I know you also worked with a few different collaborators like Marshall Vore and Sam Acchione on the album. In your process, do you collaborate a lot in writing and just developing as an artist?
Yeah, I do. I don’t play any instruments, so it’s impossible for me to make music completely by myself. I always have to collaborate for writing purposes on guitar, piano, or whatever. For the album, especially, I wrote almost all of the lyrics. I tend to write lyrics completely by myself, and I don’t really collaborate when it comes to that aspect. I’m not opposed to it, but I seem to write a lot faster when I’m making myself only do it under pressure. I worked with Sam Acchione and John Michael Young who wrote all of the guitar parts on that album.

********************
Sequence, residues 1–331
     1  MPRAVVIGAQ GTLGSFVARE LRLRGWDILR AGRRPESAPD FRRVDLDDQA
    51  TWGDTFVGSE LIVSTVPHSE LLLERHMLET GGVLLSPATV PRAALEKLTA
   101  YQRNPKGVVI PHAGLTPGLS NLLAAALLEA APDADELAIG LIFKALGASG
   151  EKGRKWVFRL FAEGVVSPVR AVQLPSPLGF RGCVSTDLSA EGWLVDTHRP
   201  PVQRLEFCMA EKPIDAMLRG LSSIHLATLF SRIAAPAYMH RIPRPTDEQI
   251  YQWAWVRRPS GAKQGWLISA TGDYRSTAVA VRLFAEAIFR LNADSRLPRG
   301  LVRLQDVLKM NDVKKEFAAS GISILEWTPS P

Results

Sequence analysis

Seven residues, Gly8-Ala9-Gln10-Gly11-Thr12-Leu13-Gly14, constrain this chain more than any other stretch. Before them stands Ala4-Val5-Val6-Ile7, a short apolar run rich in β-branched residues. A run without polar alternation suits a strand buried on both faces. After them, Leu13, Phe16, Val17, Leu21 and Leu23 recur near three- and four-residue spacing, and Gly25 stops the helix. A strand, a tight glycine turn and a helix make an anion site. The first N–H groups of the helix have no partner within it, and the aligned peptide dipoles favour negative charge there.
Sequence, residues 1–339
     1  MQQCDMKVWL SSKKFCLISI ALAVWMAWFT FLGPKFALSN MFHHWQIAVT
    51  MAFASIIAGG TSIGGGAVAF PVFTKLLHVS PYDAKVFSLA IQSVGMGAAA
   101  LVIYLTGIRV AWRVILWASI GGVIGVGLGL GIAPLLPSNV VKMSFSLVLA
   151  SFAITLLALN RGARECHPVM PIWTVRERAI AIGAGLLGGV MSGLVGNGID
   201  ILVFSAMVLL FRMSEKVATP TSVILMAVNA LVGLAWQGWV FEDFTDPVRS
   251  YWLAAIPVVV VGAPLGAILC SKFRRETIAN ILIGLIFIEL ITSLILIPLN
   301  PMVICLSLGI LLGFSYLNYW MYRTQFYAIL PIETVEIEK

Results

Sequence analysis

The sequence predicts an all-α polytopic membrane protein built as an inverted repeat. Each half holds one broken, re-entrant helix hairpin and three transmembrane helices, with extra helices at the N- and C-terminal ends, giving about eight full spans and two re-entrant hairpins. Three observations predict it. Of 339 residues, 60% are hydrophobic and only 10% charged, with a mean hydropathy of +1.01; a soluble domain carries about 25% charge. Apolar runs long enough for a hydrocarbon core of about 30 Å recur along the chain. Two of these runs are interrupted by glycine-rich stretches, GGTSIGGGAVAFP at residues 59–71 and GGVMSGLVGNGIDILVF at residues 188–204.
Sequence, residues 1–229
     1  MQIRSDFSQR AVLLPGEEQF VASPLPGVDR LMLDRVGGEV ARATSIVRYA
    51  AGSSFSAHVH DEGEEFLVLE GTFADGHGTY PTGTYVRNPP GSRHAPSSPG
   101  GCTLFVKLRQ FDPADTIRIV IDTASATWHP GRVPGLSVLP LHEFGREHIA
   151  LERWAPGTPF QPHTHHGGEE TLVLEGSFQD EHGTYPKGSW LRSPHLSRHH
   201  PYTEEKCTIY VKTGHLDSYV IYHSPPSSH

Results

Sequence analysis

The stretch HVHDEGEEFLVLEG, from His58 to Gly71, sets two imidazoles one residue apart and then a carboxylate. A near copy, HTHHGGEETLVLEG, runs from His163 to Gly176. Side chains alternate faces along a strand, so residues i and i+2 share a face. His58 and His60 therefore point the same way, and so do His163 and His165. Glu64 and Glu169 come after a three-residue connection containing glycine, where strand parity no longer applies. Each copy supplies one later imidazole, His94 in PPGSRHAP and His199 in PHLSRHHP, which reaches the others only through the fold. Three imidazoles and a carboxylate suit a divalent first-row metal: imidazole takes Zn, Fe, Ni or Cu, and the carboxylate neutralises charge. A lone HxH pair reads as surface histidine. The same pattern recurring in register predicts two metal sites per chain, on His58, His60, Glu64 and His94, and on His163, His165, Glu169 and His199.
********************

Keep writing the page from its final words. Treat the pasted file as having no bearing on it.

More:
How has it been collaborating? What does that process look like usually?
When we were making the album, it would usually start with a melody idea I had. I’d be humming something, and then I would show it to either Sam or John Michael. They would either interpret it or just play out the exact melody that I was humming, and we would build from there. With the song, “Destroyer,” for example, that initially da-dum da-dum da-dum. Sam had been playing that part all day at the studio. We were making a couple of the songs in Philly, and he had been just strumming that all day. I just came up with lyrics from there, and we came up with a melody together until it stuck.